For Many Legally Blind, Dr. William Feinbloom's Specs Will Be the Ultimate Eye-Opener
The thick cylinders protruding from the eyeglasses look like a Steve Martin party gag but they are sight for poor eyes. Developed by a New York optometrist, William Feinbloom, the oddball attachments—called camera lenses—are designed for patients who cannot focus even with the strongest prescription specs.
So far some 800 legally and partially blind persons have been fitted with Feinbloom's $1,500-to-$2,500 lenses at the Pennsylvania College of Optometry in Philadelphia. Using them can improve two percent normal vision (20/1200) to as high as 80 percent (20/25). "With two percent, you could barely count my fingers three feet in front of your face," exults Feinbloom. "With 80, you could read the bumper sticker on the car ahead of you."
Having researched subnormal vision for almost half a century, the 75-year-old lens grinder produced 46 different special attachments before perfecting the new camera prescription last year. Each lens contains nine elements of glass and two tiny prisms, giving it the viewing range of an eight-power telescope. "Anything stronger at that size," says Feinbloom of the four-ounce, one-and-three-quarter-inch lens, "and you would lose your field of vision—and get a terrific headache."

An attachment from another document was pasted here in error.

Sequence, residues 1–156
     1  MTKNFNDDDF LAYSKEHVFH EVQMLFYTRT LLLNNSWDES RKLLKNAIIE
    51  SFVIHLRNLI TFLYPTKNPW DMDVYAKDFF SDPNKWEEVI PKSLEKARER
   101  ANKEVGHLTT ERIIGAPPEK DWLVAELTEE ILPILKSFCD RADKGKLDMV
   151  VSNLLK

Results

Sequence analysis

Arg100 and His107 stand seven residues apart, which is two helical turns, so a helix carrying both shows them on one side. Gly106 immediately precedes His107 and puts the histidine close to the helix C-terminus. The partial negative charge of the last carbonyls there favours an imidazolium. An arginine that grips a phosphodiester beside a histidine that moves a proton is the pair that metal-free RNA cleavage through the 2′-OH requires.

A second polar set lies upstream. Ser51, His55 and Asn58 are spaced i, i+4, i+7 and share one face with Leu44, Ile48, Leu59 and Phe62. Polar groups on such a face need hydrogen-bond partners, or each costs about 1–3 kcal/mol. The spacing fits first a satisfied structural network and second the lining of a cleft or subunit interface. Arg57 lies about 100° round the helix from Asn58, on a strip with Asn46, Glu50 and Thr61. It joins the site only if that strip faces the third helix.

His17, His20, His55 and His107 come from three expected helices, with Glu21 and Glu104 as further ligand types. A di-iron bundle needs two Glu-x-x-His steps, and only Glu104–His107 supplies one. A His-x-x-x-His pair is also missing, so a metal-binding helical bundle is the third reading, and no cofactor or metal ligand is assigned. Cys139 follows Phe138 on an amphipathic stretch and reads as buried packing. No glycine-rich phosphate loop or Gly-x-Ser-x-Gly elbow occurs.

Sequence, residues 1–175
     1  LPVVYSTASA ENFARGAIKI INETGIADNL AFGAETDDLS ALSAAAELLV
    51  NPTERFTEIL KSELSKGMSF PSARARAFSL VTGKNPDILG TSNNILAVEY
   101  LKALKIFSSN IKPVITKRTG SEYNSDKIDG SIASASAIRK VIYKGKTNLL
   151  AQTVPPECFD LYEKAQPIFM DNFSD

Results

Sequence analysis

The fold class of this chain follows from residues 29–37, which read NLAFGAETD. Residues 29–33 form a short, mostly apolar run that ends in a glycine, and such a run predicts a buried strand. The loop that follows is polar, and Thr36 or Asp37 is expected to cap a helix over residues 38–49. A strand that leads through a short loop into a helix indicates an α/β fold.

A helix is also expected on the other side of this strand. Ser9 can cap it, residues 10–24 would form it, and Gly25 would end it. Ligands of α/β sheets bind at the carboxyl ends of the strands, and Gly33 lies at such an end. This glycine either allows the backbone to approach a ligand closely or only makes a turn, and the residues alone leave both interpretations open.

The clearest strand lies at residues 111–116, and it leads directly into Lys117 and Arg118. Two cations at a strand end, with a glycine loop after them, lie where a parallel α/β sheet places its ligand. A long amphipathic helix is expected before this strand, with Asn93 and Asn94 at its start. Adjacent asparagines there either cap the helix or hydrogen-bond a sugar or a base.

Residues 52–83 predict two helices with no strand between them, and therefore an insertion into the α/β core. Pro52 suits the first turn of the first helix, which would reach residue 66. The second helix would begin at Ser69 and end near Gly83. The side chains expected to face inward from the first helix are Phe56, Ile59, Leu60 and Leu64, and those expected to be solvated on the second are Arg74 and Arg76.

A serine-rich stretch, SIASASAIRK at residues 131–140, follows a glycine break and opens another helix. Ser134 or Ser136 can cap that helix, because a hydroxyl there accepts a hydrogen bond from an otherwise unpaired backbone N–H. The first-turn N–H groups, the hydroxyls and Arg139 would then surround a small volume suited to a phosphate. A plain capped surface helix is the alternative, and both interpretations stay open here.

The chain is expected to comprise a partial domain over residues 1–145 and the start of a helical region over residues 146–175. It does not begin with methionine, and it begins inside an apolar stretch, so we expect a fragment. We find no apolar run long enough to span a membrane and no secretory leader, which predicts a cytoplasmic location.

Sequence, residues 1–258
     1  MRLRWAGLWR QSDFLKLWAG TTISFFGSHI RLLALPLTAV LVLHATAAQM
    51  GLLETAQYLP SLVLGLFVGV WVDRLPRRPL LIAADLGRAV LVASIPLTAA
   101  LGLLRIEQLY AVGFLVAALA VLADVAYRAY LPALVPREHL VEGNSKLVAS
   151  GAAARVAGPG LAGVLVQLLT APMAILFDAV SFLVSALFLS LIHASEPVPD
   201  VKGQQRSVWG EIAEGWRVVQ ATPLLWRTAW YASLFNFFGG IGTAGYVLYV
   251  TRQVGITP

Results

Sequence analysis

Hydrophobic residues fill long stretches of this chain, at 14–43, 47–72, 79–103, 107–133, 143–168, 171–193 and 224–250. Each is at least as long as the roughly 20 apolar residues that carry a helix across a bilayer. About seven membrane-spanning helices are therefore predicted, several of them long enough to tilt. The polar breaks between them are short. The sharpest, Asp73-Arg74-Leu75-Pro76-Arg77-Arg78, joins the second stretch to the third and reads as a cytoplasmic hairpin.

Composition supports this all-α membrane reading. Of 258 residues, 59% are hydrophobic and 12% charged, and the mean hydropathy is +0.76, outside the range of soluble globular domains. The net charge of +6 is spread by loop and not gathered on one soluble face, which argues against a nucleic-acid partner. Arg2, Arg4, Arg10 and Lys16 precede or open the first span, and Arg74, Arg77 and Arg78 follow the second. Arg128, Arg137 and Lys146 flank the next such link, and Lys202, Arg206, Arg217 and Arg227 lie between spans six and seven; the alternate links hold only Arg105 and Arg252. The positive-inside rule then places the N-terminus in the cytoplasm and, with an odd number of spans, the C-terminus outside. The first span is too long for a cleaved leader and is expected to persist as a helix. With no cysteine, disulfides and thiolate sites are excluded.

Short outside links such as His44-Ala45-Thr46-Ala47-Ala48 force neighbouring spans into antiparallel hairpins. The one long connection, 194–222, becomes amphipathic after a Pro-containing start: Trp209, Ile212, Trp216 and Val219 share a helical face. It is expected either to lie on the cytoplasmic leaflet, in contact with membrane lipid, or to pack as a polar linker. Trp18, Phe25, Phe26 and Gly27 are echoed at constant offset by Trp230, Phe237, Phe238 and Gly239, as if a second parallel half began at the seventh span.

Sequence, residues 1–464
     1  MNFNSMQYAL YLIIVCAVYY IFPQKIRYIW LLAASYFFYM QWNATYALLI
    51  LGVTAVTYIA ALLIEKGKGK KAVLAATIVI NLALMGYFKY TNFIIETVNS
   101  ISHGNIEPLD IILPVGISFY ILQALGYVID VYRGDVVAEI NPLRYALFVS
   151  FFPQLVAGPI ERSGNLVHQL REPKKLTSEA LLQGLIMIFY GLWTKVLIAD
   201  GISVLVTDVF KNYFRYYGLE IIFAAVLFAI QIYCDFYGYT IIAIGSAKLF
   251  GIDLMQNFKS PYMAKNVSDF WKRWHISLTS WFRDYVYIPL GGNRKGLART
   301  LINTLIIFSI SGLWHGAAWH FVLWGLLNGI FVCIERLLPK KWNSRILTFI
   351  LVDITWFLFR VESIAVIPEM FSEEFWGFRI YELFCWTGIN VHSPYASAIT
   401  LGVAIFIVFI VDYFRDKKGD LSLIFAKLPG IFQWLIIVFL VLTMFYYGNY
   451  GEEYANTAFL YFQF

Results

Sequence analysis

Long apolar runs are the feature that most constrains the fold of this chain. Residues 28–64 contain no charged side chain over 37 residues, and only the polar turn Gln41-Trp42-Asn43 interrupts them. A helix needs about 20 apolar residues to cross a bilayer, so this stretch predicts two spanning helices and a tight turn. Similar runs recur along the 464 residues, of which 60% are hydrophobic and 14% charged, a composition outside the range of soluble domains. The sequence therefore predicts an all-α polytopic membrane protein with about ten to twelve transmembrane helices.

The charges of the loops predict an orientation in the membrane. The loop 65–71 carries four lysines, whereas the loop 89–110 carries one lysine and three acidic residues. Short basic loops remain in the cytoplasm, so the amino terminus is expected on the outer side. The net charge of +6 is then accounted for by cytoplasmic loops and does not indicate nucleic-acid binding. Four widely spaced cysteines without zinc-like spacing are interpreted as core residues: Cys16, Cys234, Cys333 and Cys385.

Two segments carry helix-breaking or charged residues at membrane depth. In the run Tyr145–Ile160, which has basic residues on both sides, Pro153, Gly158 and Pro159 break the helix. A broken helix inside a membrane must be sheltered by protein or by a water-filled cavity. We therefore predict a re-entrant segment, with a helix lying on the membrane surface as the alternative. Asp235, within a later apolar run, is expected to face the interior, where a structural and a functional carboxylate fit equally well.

The Brooklyn-born Feinbloom was raised on eye charts by his optometrist father and graduated himself from Columbia University. In 1931, while diagnosing an elderly near-blind man, Feinbloom found ordinary lenses useless and decided to specialize in the abnormalities of the poorly sighted. A year later, adapting a pair of telescopic glasses invented in Germany, he designed a lens to suit his patient. Ecstatic, the old man journeyed to Rome to inform Pius XI of his newfound vision, and the Pope blessed Feinbloom's lens. Today the spry optometrist (who lives with his wife, Evelyn, in Poughkeepsie, N.Y.) estimates there are 1.5 million low-vision Americans who could benefit from a telescopic lens. Even without a religious experience, he says, "The gift of sight is a miracle not to be missed."
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